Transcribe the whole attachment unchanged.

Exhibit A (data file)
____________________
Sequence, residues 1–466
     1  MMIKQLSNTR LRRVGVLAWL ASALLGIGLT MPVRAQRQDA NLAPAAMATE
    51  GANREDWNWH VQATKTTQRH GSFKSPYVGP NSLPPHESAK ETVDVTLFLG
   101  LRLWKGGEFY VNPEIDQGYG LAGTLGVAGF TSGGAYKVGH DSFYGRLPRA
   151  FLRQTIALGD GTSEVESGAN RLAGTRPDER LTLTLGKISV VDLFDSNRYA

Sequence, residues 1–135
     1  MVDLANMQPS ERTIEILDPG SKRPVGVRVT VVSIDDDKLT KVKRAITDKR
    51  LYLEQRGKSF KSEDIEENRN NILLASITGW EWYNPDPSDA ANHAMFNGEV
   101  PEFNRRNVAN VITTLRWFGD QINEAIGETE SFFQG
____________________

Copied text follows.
Sequence, residues 1–466
     1  MMIKQLSNTR LRRVGVLAWL ASALLGIGLT MPVRAQRQDA NLAPAAMATE
    51  GANREDWNWH VQATKTTQRH GSFKSPYVGP NSLPPHESAK ETVDVTLFLG
   101  LRLWKGGEFY VNPEIDQGYG LAGTLGVAGF TSGGAYKVGH DSFYGRLPRA
   151  FLRQTIALGD GTSEVESGAN RLAGTRPDER LTLTLGKISV VDLFDSNRYA

Sequence, residues 1–135
     1  MVDLANMQPS ERTIEILDPG SKRPVGVRVT VVSIDDDKLT KVKRAITDKR
    51  LYLEQRGKSF KSEDIEENRN NILLASITGW EWYNPDPSDA ANHAMFNGEV
   101  PEFNRRNVAN VITTLRWFGD QINEAIGETE SFFQG